Miami’s defensive line was without a doubt the deepest position group on the team last season, which is why rookie defensive end
As soon as the Dolphins traded up to the third overall pick of last April’s NFL Draft to take the pass rushing specialist out of Oregon, people wondered how he’d get significant playing time. A shoulder injury slowed his progress early on, but the emergence of
Vernon, a third-round draft pick in 2012 out of the University of Miami, had a breakout season and with 11.5 sacks became the first Dolphin not named Wake to lead the team since 2009. He and Wake combined for half of Miami’s 42 sacks on the season, with Wake adding 8.5, and were part of a unit that accounted for 34 total sacks.
Both Wake and Vernon were the first to credit the interior linemen for opening up those pass rushing lanes for them, led by tackles
BREAKING DOWN DOLPHINS DEFENSIVE LINEMEN
• Cameron Wake (6-3, 250) — Though he failed to reach double digits in sacks this season, Wake solidified his place as one of the league’s most feared pass rushers and expanded his game to become a stalwart against the run and sometimes in pass coverage. Just in case anyone had forgotten how much of an impact he can make, Wake reminded them on Halloween night at Sun Life Stadium when he stunted inside and blew up Cincinnati Bengals quarterback Andy Dalton in the end zone for a sack (his third of the game) and a safety in overtime to give Miami a 22-20 victory. It was only the second time in league history that a game had ended with a sack/safety in overtime.
• Randy Starks (6-3, 305) — Starks was coming off of his second trip to the Pro Bowl and picked up right where he left off with two sacks in the first two games of the season (1.5 at Cleveland and a half sack at Indianapolis). His interior pressure and ability to occupy double teams made it easier for Wake, Vernon, Jordan and Shelby to find room off the edge and he also had one forced fumble and one pass breakup to go along with his four sacks.
• Paul Soliai (6-4, 345) — Nobody drew more attention from opposing centers and guards than Soliai, yet he was able to bring the heat despite sometimes being triple teamed and got his hands up quick enough to deflect five passes. Soliai’s toughness was evident throughout the season as he battled through the pain of a nagging knee injury that forced him to miss the home opener against Atlanta. He started 15 games and was again a force in the middle
• Olivier Vernon (6-2, 268) — Vernon found another gear in training camp and the preseason to hold off the talented Jordan for the starting right defensive end position and found his groove four games into the schedule after a slow start. Twice during the season he put together streaks of four consecutive games with a sack and earned AFC Defensive Player of the Week in honors in Week 13 after registering three sacks and 10 tackles (eight solo) in a 23-3 road win at the New York Jets. Vernon’s 57 tackles (46 solo) were the most by any defensive lineman and sixth overall on the team.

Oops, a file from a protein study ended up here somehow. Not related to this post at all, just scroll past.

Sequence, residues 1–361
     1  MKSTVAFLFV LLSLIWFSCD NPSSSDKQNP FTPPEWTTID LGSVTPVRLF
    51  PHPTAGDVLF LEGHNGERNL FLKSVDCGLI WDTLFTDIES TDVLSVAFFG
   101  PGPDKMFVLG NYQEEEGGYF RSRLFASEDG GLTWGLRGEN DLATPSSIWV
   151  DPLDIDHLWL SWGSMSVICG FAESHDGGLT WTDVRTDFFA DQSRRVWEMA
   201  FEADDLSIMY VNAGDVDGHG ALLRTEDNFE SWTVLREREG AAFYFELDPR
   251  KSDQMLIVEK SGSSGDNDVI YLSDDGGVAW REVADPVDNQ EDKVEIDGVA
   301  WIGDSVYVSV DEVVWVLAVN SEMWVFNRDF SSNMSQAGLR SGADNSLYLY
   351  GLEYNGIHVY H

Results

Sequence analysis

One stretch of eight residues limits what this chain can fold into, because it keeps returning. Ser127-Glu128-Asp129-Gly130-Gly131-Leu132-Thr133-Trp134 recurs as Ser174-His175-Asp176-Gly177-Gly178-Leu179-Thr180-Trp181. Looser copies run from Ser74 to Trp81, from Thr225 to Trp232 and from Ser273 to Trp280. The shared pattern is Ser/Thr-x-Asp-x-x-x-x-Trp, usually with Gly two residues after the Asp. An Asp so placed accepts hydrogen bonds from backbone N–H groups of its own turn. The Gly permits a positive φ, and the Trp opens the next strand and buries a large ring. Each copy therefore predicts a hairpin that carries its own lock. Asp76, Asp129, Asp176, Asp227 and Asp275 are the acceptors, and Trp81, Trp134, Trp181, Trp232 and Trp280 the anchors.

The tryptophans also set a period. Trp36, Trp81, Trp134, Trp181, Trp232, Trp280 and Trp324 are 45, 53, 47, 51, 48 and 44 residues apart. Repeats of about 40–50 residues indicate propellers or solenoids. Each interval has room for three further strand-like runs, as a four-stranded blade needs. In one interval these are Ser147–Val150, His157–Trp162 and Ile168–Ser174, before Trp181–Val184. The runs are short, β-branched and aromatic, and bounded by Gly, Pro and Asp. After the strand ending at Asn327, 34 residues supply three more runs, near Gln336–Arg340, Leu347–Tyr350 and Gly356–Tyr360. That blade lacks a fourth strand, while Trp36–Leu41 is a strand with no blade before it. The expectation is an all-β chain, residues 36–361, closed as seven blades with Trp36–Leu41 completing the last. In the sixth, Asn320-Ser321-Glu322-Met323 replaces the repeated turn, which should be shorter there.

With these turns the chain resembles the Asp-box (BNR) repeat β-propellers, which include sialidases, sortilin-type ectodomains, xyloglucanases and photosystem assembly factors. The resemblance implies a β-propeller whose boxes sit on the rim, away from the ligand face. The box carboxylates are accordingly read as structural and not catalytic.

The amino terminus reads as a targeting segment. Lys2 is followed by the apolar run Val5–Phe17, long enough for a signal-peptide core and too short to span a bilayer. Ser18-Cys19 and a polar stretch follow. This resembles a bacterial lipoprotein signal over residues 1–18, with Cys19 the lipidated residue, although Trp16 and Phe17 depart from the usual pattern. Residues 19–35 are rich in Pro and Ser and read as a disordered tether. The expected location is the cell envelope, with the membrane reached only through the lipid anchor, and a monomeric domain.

• Jared Odrick (6-5, 302) — Considering the fact that he was drafted as a defensive end back in 2010, Odrick has made the transition inside to defensive tackle look seamless and has proven to be a mismatch for opposing guards because of his length and athleticism. He was playing at a Pro Bowl for a good chunk of the season, leading all interior linemen with 4.5 sacks and forcing one fumble to go along with two passes defensed. Odrick started five of the 16 games he played and sometimes rushed from the edge because of his versatility, which is certain to be exploited again in 2014 by defensive coordinator Kevin Coyle.
• Derrick Shelby (6-2, 270) — Shelby was the picture of consistency going back to his rookie season as an undrafted rookie out of Utah and gave Coyle the confidence to make situational substitutions with him. He had two sacks in the first two games (one each at Cleveland and Indianapolis) and finished the season with 2.5 to go with 34 tackles (23 solo) as Wake’s backup.
• Dion Jordan (6-6, 248) — A lot of hype surrounded Jordan’s rookie campaign because of his draft position and comparisons to Dolphins great Jason Taylor because of his similar build. He showed flashes of the talent that convinced Miami to trade up in the draft for him with two sacks and his biggest play came against the Baltimore Ravens when he beat his blocker around the edge and swatted Ravens quarterback Joe Flacco’s just as he released the ball. That led to an interception by safety
• A.J. Francis (6-5, 316) — Francis was a locker room favorite because of his personality and bonded immediately with Wake and the others during training camp. He was expecting to stay in Miami on the practice squad after being one of the last players cut but the Patriots poached him and eventually put him on their practice squad. The Dolphins brought him back for the last month of the season, signing him to the active roster, and he is expected to provide depth at the tackle position, especially if the team ends up losing Soliai or Starks.